Browse Prior Art Database

Random Access Memory Beamformer

IP.com Disclosure Number: IPCOM000049027D
Original Publication Date: 1982-Apr-01
Included in the Prior Art Database: 2005-Feb-09
Document File: 5 page(s) / 58K

Publishing Venue

IBM

Related People

Pierce, RD: AUTHOR [+3]

Abstract

In the reception of radiate wave information in a medium, such as long acoustical waves in water, it has been found useful to employ a phase array of sensors to detect the direction of emanation of the source of the acoustical waves. An earlier publication (*) illustrates the commonly known as beamforming. The approach shown in (*) is applicable for a single bit sensor value. The present invention efficiently implements a beamformer operation using 12-bit sensor values with a random access memory.

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Random Access Memory Beamformer

In the reception of radiate wave information in a medium, such as long acoustical waves in water, it has been found useful to employ a phase array of sensors to detect the direction of emanation of the source of the acoustical waves. An earlier publication (*) illustrates the commonly known as beamforming. The approach shown in (*) is applicable for a single bit sensor value. The present invention efficiently implements a beamformer operation using 12-bit sensor values with a random access memory.

Fig. la illustrates a front view of a spherical array of sensors, showing how the spherical array is categorized into rings of equal latitude. Elements occupying lines of equal longitude are termed staves.

As shown in Fig. 1b, the beamformer provides the following interfaces: Input data consisting of 192 parallel bits (16 rings x 12 bits/ring) by 60 serial elements every processing cycle. Vertically-stabilized full-beam output data consisting of 16 parallel bits by 60 serial beams every processing cycle. Computer control input providing vertical beam stabilization data and mode control. Beamformer Functions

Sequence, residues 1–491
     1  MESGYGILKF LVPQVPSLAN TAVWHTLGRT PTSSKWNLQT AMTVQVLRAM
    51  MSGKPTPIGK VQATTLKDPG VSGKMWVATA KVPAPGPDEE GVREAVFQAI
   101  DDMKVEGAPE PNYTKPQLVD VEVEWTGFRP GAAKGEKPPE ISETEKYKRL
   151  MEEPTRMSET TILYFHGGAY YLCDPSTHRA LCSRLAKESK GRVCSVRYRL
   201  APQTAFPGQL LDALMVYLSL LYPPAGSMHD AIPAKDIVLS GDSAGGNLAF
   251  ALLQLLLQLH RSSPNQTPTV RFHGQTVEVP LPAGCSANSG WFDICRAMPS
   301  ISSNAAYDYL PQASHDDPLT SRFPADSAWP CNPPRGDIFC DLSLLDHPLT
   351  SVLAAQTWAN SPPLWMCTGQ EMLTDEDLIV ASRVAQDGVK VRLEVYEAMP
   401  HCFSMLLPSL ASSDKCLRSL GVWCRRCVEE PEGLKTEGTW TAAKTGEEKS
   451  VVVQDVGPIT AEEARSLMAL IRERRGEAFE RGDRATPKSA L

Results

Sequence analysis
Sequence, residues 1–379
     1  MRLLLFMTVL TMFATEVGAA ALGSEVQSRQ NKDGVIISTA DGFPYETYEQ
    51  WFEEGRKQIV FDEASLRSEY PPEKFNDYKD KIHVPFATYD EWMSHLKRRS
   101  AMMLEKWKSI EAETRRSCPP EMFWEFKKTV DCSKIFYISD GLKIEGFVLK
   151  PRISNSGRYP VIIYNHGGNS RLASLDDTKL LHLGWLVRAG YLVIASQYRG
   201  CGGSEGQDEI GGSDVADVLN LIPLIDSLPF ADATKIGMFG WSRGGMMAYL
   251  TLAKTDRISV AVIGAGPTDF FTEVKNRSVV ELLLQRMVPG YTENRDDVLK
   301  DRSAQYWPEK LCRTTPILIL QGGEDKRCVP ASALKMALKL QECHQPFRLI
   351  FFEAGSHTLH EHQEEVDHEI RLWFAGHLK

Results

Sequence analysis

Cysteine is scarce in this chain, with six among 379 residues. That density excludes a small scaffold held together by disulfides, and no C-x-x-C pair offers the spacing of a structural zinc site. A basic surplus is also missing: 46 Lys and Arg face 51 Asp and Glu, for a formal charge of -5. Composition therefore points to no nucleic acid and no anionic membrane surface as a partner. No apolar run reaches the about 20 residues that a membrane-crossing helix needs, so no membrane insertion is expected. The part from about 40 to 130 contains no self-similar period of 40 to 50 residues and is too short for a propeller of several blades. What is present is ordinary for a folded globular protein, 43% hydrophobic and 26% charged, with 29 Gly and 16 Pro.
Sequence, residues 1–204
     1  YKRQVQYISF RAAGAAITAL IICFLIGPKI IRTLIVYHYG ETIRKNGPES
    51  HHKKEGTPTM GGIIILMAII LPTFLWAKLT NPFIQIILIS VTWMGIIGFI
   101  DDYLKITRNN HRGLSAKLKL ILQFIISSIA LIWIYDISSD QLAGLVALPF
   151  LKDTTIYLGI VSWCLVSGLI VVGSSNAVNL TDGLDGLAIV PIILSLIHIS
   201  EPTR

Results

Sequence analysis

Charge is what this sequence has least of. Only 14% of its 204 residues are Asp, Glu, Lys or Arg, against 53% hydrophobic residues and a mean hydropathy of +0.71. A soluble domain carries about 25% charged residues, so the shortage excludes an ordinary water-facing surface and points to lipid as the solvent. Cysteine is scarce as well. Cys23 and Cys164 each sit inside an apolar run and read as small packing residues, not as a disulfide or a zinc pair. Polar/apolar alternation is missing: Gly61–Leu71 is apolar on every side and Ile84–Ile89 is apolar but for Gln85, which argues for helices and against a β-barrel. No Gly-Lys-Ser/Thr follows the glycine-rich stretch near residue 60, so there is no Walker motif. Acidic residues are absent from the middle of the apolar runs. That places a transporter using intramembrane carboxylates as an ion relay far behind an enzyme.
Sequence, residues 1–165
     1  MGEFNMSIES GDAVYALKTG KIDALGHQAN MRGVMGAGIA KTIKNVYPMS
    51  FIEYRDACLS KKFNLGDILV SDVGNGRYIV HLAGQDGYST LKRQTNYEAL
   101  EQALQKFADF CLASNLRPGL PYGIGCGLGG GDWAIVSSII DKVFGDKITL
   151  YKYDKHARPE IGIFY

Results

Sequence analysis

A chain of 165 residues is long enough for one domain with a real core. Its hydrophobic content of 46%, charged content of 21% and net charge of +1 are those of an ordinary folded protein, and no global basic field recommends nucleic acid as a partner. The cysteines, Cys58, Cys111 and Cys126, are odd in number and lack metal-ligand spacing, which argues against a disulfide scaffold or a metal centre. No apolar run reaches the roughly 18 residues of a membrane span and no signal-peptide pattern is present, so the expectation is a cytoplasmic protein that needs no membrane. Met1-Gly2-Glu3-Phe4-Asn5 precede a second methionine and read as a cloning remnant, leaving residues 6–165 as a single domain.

The beamformer, shown in Fig. lb, consists of the following functions: input data distribution 2, computer control input 4, 10-beam sector beamformers 6, and output scaler 8. Input Data Distributor

The input data distributor 2 receives 960 (16 rings x 60 elements) 12-bit elements from the input function every processing cycle. The input data is received parallel by ring (16x12) and serial by azimuth (60).

Since the input function and the linear beamformer processing rates are independent, temporary buffers are required (and provided by the input data distribution) to transfer data to the sector beamformers 6 at a processing rate consistent with state of the art technology. 10-Beam Sector Beamformer

Each 10-beam sector beamformer 6 receives 192 parallel bits x 29 serial elements from the input data distribution (IDD) 2 every processing cycle. Ten 21- bit full beams are accumulated every processing cycle and transmitted serially to the output scaler 8.

Each sector beamformer 6 consists of 16 ring element summer (RES) 10 shown in Fig. 5, one address generator 12 shown in Fig. 6 and one stave summer 14. Ring Element Summer

Each RES 10 receives 12 parallel bits x 29 serial elements

from the IDD 2 every processing cycle. Ten partial-beam sums

are generated and transmitted to the stave summer 14. The RES

10 consists of random-access memory (RAM) 16, shown in Fig. 2,

and an arithmetic unit 18 shown in Fig. 5. Selected element

data is transferred into the RAM 16 during a write cycle and

read from the RAM 16 during an accumulation cycle. The

arithmetic unit 18 consists of an adder and register to

1

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provide for partial-beam summation.

Address Generator

The address generator 12 receives vertical stabilization data

from the computer control input 4 and generates the address

control for each independent R...